These 4.8%-5.9% Yields Could Get Hacked Apart

Brett Owens, Chief Investment Strategist
Updated: April 12, 2019

A stock’s yield is only as good as its cash flow because, after all, a dividend is nothing more than a promise from a company.

CenturyLink (CTL) recently reminded us of this. Its promised $0.54 per share dividend exceeded its ability to pay. The firm’s payout ratio of 130% – the percentage of profits that it was paying as dividends – was an absurd overpromise that couldn’t last forever:

CenturyLink’s Payout Promise Was Always on Borrowed Time

CEO Jeffrey Storey insisted his team remained “committed to and confident in our ability to maintain the dividend.” I understood the commitment, but questioned the confidence–taking on debt to pay dividends is a losing game. But then again, what else is the guy going to say?!

As recently as February 8, I warned investors that CenturyLink was a high yield trap. It was inevitable that its lack of cash would topple any commitment and confidence. Sure enough, just six days later, Jeff and the boys made me look good by slashing their payout by a cool 54%.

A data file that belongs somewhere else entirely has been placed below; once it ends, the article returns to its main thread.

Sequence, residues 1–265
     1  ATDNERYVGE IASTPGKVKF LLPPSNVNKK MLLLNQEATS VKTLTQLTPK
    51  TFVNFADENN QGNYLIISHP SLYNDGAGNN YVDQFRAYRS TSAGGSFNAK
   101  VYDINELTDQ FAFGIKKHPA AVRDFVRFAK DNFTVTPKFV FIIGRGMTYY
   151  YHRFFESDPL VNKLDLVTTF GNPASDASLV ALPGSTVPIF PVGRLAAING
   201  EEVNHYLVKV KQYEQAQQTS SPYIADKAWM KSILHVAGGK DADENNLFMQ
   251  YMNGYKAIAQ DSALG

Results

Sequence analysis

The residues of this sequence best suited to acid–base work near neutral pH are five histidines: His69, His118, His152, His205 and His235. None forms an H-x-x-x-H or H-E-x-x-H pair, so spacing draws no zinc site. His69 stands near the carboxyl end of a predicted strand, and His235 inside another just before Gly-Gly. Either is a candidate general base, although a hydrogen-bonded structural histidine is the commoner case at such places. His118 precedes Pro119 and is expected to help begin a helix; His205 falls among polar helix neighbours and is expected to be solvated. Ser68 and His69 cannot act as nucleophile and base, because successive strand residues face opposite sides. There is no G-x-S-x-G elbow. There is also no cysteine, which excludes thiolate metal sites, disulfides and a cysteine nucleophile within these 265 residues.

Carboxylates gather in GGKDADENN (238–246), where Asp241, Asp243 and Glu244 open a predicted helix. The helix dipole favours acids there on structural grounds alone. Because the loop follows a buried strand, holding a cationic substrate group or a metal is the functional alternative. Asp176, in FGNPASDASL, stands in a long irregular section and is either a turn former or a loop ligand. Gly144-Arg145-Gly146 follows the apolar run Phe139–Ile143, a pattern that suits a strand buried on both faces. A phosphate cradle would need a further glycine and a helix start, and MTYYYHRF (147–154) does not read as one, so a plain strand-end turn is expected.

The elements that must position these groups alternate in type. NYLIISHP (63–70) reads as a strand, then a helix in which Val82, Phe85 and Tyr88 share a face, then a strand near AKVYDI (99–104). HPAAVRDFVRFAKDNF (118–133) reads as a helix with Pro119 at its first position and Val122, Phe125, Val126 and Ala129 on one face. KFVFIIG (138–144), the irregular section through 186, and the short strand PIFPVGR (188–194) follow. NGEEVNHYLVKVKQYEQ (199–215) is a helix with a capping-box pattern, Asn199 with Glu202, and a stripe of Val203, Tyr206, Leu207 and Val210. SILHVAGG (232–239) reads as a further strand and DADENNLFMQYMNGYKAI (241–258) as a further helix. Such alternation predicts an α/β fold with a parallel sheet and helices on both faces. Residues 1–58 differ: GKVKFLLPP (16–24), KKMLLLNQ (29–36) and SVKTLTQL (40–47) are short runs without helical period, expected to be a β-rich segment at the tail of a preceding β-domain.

The “all-knowing” market sniffed out some of Jeff’s BS beforehand, but not the full extent of it. CTL topped in late August and has spiraled downwards since. Shares are down 45% in just six months:

A 54% Dividend Cut = A 45% Price Cut (and Counting)

As we’ve discussed time and again, dividends are “magnets” that drag their share prices along. This is great when dividends are growing, but disastrous when they are slashed!

With CTL’s latest payout cut now in the rearview mirror, my publisher patted me on the back–and tasked me with finding eight more dividends likely to drop! Luckily for me, we have access to Blockforce Capital’s “DIVCON” system.

DIVCON is a an easy-to-understand 1-to-5 system, where DIVCON 5 implying the greatest chance of a dividend increase, and DIVCON 1 implying the best change of a payout cut.

The system looks at a company’s profits, cash flow, dividend histories, analyst sentiment and more to determine the overall health of its stock’s payout. These are many of the same investing metrics that I evaluate when analyzing stocks, so it should be no surprise that I often find myself nodding in agreement with DIVCON’s scores.

And DIVCON has plenty more red flags to plant today. Here are problem payouts you should be very skeptical of today.

Macy’s (M)

Dividend Yield: 5.9%

DIVCON Score: 2